• Asylum-seekers face pushbacks from the Hellenic Coast Guard on different Greek islands.
  • Several reports reveal inhumane and ‘gross’ practices directed towards migrants and asylum seekers.
  • The European Court of Human Rights has condemned the Greek authorities’ treatment of refugees and asylum seekers in multiple cases.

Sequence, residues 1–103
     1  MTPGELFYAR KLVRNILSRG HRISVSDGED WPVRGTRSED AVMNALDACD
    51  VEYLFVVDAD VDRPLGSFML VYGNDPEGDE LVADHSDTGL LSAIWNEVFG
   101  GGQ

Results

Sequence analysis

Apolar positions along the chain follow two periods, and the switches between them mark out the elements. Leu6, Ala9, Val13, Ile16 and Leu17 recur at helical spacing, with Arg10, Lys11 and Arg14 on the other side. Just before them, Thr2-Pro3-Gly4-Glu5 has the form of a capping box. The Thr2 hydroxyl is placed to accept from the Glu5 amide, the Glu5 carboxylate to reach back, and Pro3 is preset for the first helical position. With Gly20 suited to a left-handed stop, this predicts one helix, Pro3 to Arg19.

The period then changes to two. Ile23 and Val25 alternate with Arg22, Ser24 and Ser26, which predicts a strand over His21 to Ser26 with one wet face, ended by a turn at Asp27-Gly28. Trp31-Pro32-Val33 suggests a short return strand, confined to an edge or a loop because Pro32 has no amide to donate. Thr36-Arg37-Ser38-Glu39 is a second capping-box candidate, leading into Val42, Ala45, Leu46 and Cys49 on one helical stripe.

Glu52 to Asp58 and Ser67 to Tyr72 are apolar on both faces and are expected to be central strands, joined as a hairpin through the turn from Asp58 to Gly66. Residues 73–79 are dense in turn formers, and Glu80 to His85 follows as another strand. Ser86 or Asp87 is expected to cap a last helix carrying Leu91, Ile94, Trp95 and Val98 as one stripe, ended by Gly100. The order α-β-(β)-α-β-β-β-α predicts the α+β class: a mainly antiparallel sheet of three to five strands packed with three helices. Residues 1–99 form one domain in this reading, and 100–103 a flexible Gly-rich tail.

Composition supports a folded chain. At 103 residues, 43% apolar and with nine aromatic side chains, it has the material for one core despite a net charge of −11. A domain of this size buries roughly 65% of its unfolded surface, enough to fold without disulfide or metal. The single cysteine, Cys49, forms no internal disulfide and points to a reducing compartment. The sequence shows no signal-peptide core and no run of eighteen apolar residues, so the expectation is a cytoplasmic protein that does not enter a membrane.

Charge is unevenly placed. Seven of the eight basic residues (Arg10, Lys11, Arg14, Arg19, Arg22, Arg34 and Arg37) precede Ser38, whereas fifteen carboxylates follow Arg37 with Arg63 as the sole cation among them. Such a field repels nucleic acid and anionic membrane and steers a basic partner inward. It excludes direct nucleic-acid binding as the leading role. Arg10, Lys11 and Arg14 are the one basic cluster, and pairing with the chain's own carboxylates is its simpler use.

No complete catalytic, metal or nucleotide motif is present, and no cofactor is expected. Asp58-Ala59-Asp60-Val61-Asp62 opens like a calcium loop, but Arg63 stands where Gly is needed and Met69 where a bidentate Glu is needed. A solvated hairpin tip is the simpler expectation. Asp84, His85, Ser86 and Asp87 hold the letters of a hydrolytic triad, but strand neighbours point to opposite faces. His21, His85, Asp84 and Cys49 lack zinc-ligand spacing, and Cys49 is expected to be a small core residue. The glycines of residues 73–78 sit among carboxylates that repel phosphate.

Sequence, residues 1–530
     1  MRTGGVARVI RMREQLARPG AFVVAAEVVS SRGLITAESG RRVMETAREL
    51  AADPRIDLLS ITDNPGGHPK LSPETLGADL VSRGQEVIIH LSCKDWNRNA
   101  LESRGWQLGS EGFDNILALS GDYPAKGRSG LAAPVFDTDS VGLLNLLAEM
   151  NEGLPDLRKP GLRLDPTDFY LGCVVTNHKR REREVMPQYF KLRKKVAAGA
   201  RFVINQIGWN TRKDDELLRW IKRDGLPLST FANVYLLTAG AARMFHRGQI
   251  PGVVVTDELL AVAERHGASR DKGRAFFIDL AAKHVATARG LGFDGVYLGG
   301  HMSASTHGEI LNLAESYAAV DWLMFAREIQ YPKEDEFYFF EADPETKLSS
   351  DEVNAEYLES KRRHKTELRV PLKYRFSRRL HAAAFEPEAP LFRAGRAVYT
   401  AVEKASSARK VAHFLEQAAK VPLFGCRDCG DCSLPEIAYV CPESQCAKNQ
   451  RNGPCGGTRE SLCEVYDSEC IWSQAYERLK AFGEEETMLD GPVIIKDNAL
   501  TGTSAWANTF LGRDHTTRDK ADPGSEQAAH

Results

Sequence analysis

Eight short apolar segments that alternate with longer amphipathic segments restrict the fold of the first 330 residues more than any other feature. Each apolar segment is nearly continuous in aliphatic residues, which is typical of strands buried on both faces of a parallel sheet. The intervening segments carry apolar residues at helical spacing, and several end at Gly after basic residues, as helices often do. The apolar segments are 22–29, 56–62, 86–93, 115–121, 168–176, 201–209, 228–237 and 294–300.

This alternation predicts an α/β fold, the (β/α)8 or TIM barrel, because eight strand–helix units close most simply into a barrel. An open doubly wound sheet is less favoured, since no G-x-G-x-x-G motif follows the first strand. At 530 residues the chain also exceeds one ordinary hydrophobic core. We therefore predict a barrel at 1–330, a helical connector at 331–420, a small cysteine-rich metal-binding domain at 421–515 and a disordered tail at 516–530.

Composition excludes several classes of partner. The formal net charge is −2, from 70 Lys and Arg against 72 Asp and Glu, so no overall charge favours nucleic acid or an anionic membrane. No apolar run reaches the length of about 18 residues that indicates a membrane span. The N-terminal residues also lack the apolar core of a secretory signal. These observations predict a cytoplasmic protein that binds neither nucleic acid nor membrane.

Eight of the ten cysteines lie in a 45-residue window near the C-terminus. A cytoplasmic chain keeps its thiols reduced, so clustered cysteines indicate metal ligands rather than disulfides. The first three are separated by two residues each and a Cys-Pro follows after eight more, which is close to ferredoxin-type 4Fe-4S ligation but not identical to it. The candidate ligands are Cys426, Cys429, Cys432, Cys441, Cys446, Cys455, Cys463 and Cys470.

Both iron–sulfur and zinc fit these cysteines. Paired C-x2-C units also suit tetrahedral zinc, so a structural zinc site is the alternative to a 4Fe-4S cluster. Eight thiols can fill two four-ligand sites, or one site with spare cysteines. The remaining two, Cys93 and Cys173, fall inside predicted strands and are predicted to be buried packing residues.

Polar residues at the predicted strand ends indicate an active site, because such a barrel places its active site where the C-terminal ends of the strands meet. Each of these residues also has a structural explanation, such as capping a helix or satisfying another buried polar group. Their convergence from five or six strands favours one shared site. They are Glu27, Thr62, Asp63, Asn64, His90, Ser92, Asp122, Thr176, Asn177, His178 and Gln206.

Crossing attempts to Greece continue despite pushbacks. On 26 January Alarm Phone reported that fourteen people were missing while nine were taken to a Greek camp in Chios. On 24 January, the hotline also reported that thirty-three people were in distress near Lesvos. The people told the hotline that two vessels carrying the EU flag were sailing close to them, adding “Instead of assisting the group, these boats are causing big waves.” Hours later, the group reported that they had been “pushed back into Turkish waters.” Later they added: “We are now being towed by the Turkish coast guard back into Greek waters.” On 22 January, one person with health issues was in need of urgent assistance. Two days later, the Greek authorities informed Alarm Phone that the person “stayed at the police station in Leros overnight and will be transferred to Chios.” On 20 January, a group of 36 people was rescued by a merchant vessel after multiple calls by Alarm Phone to rescue coordination centres in Greece, Egypt and Libya. On the same day, in Farmakonissi, 20 migrants were rescued while four are still reported missing after their boat capsized. According to CNN Greece, the search for the four people is ongoing under the coordination of the Hellenic Coast Guard and the European Border and Coast Guard Agency (Frontex). On 19 January, a day before the shipwreck in Farmakonissi, twelve Palestinians were found drifting in a Greek-manufactured life raft in Turkish waters near the island of Kastellorizo. Tineke Strik MEP condemned the pushback stating: “The Palestinians not only suffer from attacks in Gaza and the West Bank but also when they seek refuge in Europe. The consistent denial of their rights is appalling. Palestinians deserve a sovereign state, and protection and support on their way to independence.” On the same day, more pushbacks were reported by Alarm Phone after 15 people who arrived on the island of Ro were sent back to Turkish waters. Upon contacting the Turkish coast guard, Alarm Phone was informed that the migrants had been transported to Türkiye.